Queen Victoria wasn't what she appeared to be.
We're used to imagining her an old battle-ax, her hair in a gray bun. We picture the queen who, in her 64 years on the thrown, presided over unbelievable world changes: the Industrial Revolution, the advent of electricity, the blossoming of the British Empire. The queen who announced, grimly, "We are not amused."
The truth is, though, that Victoria had red as well as blue blood.
Married as a young woman to her cousin Albert, a German prince, she loved him passionately and wholeheartedly (they had nine children). When he died, the queen fell apart. She went into mourning, and didn't come out of it.
Until along came John Brown, a hale Scott summoned to Windsor Castle to oversee all the queen's horses - and wound up as her best friend, and perhaps more than that.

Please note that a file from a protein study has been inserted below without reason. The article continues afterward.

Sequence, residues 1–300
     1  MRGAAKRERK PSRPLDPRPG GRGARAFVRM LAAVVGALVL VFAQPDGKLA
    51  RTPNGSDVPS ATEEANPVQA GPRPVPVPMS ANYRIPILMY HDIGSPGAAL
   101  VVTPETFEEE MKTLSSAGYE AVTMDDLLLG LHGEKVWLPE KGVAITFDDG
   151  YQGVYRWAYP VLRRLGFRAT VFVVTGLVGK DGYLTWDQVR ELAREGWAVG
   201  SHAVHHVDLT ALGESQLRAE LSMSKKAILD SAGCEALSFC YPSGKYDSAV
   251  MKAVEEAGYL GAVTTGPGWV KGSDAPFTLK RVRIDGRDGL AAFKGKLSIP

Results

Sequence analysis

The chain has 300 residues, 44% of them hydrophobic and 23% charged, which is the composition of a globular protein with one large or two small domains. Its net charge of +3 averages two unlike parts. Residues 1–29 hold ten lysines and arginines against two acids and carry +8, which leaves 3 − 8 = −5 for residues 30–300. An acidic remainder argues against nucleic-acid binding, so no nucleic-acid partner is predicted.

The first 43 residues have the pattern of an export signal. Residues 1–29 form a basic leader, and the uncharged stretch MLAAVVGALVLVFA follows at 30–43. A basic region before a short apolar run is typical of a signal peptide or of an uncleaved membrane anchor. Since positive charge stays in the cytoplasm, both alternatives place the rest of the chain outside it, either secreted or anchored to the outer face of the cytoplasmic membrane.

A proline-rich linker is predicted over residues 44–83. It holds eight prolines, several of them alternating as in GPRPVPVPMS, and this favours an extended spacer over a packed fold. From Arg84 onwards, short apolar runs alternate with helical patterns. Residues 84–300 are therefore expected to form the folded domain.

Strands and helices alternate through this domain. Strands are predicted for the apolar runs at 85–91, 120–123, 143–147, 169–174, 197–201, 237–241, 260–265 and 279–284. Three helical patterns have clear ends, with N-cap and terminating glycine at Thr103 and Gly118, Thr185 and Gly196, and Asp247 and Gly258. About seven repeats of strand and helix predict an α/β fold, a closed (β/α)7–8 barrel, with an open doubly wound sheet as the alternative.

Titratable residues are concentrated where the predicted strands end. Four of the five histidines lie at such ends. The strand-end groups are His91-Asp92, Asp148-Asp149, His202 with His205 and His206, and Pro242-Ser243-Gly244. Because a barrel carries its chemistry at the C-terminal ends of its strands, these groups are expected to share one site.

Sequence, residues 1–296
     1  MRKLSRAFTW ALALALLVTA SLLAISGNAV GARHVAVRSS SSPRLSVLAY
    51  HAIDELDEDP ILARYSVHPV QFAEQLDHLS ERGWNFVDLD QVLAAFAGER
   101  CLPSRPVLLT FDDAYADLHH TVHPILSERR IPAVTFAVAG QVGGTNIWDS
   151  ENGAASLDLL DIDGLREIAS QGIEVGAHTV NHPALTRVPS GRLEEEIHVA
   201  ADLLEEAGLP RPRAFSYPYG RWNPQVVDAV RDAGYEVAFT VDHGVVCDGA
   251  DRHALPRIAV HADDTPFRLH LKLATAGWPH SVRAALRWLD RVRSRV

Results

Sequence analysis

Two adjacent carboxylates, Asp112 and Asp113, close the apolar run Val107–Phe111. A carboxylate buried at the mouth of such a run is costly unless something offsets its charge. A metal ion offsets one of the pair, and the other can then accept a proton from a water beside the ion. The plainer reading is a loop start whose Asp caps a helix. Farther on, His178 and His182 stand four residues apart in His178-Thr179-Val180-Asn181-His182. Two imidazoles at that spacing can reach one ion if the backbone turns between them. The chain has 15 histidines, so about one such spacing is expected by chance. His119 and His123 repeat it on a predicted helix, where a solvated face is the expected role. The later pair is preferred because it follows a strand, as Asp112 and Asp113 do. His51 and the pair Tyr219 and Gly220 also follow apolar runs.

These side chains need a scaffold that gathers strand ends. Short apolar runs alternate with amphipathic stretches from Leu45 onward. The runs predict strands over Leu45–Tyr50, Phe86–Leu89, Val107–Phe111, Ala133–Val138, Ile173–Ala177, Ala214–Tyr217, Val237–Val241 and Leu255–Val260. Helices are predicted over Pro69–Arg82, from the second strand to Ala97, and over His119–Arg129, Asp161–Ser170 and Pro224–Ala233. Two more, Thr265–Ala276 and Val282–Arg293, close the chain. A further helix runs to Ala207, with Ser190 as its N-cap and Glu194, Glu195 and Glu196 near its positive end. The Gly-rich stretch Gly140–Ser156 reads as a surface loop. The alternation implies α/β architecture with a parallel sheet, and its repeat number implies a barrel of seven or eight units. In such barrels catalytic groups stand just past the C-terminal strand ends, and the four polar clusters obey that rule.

No one's sure exactly what went on between them, though political cartoonists had a field day, referring to the queen as "Mrs. Brown."
The movie has a Masterpiece Theatre earnestness, with titles advising us, "1865," "1867," etc. It has a text book beginning and ending. But the movie has a lushness about it, conjuring up the England of gaslight and carriages. The actors are wonderful.
You can't help but be swept up in it.
As Victoria, revered British actress Judi Dench succeeds at a tough task: to portray the queen as a widely worshipped lady and, simultaneously, a human being.
It wasn't necessarily good to be the queen. Victoria can't interact with people in a normal manner. No one speaks to her unless she speaks first. Everywhere she goes, she makes people nervous.
She navigates the palace ringed by a gaggle of somber ladies-in-waiting. One hilarious scene shows them walking down a hallway. Every time Victoria pauses to look out a window, the ladies sweep to a halt, too, craning their necks like plump, synchronized black swans.
Imagine putting up with that day in and day out.